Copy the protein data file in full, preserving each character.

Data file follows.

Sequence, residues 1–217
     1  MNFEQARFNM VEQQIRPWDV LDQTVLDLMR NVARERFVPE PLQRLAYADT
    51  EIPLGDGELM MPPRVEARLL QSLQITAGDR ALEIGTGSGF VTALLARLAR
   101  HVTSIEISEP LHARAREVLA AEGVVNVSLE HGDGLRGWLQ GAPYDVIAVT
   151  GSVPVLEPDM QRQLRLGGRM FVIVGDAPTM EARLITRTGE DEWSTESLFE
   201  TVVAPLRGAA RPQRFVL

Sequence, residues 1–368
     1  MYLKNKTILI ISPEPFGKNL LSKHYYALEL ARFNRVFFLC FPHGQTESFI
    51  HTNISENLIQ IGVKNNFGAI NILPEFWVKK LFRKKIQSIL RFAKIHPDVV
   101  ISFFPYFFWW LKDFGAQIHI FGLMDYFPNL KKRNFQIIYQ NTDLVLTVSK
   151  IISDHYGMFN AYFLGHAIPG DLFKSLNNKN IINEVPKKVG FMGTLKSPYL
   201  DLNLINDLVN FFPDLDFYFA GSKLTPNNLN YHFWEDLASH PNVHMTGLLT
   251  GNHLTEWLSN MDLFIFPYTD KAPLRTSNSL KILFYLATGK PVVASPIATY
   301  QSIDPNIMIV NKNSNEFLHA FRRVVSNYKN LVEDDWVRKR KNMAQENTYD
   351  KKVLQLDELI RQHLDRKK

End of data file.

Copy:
Sequence, residues 1–217
     1  MNFEQARFNM VEQQIRPWDV LDQTVLDLMR NVARERFVPE PLQRLAYADT
    51  EIPLGDGELM MPPRVEARLL QSLQITAGDR ALEIGTGSGF VTALLARLAR
   101  HVTSIEISEP LHARAREVLA AEGVVNVSLE HGDGLRGWLQ GAPYDVIAVT
   151  GSVPVLEPDM QRQLRLGGRM FVIVGDAPTM EARLITRTGE DEWSTESLFE
   201  TVVAPLRGAA RPQRFVL

Sequence, residues 1–368
     1  MYLKNKTILI ISPEPFGKNL LSKHYYALEL ARFNRVFFLC FPHGQTESFI
    51  HTNISENLIQ IGVKNNFGAI NILPEFWVKK LFRKKIQSIL RFAKIHPDVV
   101  ISFFPYFFWW LKDFGAQIHI FGLMDYFPNL KKRNFQIIYQ NTDLVLTVSK
   151  IISDHYGMFN AYFLGHAIPG DLFKSLNNKN IINEVPKKVG FMGTLKSPYL
   201  DLNLINDLVN FFPDLDFYFA GSKLTPNNLN YHFWEDLASH PNVHMTGLLT
   251  GNHLTEWLSN MDLFIFPYTD KAPLRTSNSL KILFYLATGK PVVASPIATY
   301  QSIDPNIMIV NKNSNEFLHA FRRVVSNYKN LVEDDWVRKR KNMAQENTYD
   351  KKVLQLDELI RQHLDRKK